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Since 2015, posts have said comedian Sam Hyde was behind multiple mass shootings.
A prank post cited the BBC and the New York Times as saying Hyde was the perpetrator of the explosion in Beirut.
On social media, the name Sam Hyde goes with senseless death like bacon goes with eggs.
Internet trolls have put forth the name as the killer at mass shootings from Parkland, Fla., to Las Vegas to Orlando, and more. They tied the name to the 2015 Paris attacks, not to mention saying Hyde was the mastermind behind the coronavirus.
And now, just as absurdly, the name has been linked to Beirut and the devastating explosion there.
Under the line "They've confrimed it. Hunt this sick dog down," a Facebook post had side-by-side images of what looked like reports from the New York Times and the BBC. The one from the Times said "Sam Hyde identified as perpitrator of Beirut explosion." The BBC headline was "Lebanese police confrim Samuel Hyde is behind the explosion."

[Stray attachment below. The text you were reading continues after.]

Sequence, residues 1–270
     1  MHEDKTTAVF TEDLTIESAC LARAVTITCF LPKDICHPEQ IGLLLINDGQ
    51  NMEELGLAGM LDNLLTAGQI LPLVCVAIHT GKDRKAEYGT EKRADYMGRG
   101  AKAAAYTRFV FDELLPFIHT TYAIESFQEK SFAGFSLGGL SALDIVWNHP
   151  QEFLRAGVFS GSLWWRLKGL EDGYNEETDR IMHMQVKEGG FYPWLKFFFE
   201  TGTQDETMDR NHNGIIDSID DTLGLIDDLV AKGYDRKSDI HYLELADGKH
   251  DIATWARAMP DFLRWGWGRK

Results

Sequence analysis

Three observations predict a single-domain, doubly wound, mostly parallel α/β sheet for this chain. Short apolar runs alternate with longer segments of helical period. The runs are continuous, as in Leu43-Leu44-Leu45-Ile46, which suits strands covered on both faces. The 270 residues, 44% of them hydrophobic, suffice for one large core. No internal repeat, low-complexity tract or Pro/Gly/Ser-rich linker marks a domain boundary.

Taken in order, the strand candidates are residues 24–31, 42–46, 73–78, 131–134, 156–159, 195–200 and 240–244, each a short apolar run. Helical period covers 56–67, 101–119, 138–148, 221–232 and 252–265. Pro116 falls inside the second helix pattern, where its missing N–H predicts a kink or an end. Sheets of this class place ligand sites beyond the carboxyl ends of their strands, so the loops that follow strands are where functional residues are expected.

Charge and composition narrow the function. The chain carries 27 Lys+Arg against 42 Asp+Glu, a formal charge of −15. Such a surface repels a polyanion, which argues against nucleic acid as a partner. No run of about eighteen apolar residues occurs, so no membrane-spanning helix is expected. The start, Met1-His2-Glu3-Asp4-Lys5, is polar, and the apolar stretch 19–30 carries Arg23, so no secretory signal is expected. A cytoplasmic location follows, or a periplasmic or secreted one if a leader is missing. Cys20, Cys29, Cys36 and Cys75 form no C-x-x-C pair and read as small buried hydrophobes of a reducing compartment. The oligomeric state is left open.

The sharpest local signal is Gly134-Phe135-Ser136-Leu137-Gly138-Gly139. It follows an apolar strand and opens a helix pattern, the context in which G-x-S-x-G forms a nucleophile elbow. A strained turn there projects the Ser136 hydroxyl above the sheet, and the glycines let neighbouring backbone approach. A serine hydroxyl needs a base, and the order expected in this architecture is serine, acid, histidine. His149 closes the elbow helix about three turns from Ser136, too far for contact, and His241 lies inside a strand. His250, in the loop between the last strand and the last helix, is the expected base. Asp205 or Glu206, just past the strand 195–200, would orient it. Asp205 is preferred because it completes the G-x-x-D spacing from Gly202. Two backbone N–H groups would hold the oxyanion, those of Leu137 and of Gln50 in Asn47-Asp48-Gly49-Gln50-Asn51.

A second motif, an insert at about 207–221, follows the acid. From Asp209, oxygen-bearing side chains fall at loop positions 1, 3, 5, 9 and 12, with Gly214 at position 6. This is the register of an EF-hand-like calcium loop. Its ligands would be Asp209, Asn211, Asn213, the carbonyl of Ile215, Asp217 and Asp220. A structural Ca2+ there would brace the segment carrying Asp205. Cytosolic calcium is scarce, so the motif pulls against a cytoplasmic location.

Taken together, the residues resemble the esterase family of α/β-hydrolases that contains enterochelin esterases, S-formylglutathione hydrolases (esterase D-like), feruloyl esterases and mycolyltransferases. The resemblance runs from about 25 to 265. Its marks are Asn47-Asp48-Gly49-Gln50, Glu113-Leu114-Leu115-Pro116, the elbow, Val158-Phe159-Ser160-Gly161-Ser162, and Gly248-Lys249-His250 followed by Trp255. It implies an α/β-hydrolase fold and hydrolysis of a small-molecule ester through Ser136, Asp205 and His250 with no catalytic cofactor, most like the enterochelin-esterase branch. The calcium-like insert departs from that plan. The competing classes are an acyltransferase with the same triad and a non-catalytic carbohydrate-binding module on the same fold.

This post was flagged as part of Facebook’s efforts to combat false news and misinformation on its News Feed. (Read more about our partnership with Facebook.)
The careful reader will spot the misspellings in both the headlines and the post itself.
The joke wasn’t lost on the people who responded. "This man’s kill count is now higher than Genghis Khan," said one.
Sam Hyde is a real person, but not a killer. He’s a comedian with a right-wing bent whose name got picked up in 2015 by anonymous users of the far-right image-sharing site 4chan and attached to various incidents of deadly violence. In the immediate aftermath of a 2017 mass shooting in Texas, a U.S. congressman fell for a bogus post and told CNN that Hyde had been named as the shooter.
No need for you to be fooled. This is more Sam Hyde Pants-on-Fire nonsense.
Facebook, post, Aug. 5, 2020
Buzzfeed, Why "Sam Hyde" Goes Viral After Every Mass Shooting, July 2, 2019
Forbes, How 4chan Tricked The Internet Into Believing This Comedian Is A Mass Shooter, June 2, 2016
Factcheck.org, Comedian Sam Hyde Not ‘Behind’ Spread of Coronavirus, Jan. 27, 2020
New York Times, Sam Hyde and Other Hoaxes: False Information Trails Texas Shooting, Nov. 6, 2017
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